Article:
"How US Protectionism Is Holding Back The Country’s Offshore Wind Plans"

"The Biden admin has an ambitious target for new offshore wind farms — but a 100-year-old law is slowing down construction and ratcheting up installation costs."

"When turbine blades for the United States’ first offshore wind project left port in September 2023, headed for the Vineyard Wind 1 project off Massachusetts, they were traveling on a barge instead of a wind turbine installation vessel, or WTIV. These purpose-built vessels are common in other parts of the world and make the job much, much easier.

A WTIV is a transportation and construction rig in one. Frequently equipped with a big crane, deployable legs and a dynamic positioning system, WTIVs can support the installation of several humongous turbines per trip. There are dozens of WTIVs plying the world’s waters. So why were the Vineyard Wind 1 blades delivered on a barge? This expensive, inefficient workaround was necessary because of a century-old law known as the Jones Act.

Also known as Section 27 of the Merchant Marine Act of 1920, the Jones Act requires anyone transporting goods from one point in the United States to another to use an American ship. And by a modern interpretation of the old law, an offshore turbine counts as a point in the United States. The trouble is, the United States doesn’t have any WTIVs. The country could theoretically use a foreign WTIV to carry out the actual installation, and then use barges to transport things from shore to the work site, but that misses out on the biggest advantage of using one of the multipurpose vessels.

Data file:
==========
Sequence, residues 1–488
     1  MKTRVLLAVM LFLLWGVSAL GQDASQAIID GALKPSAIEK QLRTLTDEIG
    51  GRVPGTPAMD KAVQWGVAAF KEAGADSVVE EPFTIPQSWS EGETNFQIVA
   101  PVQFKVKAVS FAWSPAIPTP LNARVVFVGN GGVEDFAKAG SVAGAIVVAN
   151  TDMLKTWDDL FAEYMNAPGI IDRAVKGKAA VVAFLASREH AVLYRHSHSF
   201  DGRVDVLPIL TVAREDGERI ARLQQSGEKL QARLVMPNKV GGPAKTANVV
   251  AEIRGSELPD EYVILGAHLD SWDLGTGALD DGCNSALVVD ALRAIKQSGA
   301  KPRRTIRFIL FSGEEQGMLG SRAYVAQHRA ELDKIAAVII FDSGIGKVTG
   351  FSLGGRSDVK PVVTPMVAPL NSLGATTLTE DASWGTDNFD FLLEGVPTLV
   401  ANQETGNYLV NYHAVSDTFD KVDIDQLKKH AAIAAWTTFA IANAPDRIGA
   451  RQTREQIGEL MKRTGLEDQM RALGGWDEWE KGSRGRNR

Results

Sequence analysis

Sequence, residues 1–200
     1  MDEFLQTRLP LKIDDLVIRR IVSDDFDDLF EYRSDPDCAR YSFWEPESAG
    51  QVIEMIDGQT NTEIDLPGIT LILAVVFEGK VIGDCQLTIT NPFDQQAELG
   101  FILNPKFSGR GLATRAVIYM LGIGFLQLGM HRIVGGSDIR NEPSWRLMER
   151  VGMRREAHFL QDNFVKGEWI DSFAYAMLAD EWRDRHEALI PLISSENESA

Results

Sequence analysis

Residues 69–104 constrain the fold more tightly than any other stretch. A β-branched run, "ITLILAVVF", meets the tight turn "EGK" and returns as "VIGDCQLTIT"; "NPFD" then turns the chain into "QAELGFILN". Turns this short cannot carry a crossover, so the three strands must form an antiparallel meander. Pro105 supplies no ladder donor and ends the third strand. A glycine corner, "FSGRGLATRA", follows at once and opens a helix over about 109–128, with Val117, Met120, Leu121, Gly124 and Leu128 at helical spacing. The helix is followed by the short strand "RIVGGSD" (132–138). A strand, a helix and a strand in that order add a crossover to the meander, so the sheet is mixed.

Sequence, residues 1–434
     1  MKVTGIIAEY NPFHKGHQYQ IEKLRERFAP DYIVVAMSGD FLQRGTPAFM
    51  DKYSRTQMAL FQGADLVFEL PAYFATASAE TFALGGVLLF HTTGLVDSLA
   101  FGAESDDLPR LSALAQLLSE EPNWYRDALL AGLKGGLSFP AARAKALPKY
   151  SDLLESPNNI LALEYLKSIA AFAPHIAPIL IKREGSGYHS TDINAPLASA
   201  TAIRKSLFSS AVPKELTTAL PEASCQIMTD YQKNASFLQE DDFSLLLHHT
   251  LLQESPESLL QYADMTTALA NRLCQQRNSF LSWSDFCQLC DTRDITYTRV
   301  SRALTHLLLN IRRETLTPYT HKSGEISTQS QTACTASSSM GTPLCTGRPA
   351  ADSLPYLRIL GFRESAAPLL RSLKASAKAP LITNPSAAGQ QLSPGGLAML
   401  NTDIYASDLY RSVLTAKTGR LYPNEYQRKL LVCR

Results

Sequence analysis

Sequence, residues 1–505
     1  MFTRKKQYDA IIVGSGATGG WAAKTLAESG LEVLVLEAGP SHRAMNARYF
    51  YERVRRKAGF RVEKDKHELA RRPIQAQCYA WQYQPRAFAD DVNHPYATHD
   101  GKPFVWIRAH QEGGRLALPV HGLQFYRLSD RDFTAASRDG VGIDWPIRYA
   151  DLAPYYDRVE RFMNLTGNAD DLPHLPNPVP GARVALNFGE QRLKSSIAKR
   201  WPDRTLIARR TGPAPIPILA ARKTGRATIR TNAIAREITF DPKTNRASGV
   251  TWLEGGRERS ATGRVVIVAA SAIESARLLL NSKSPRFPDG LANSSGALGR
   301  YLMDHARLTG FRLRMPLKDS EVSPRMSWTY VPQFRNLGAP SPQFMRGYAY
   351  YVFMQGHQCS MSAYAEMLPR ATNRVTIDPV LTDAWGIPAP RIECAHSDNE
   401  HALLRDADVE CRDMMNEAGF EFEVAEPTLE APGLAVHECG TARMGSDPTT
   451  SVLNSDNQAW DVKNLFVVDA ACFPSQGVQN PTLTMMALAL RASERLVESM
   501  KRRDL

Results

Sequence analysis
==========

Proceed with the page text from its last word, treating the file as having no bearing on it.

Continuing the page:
Without the appropriate equipment, the country’s offshore wind efforts are being plagued by the need for repeated smaller-capacity barge trips that have added costs to projects already beset by financial difficulties. The Danish energy company Ørsted, for example, cited vessel delays as part of the reason why it canceled two planned projects off the New Jersey coast: Ocean Wind 1 and 2."

David Jen reports for Hakai magazine February 19, 2024.

Source: Hakai, 02/21/2024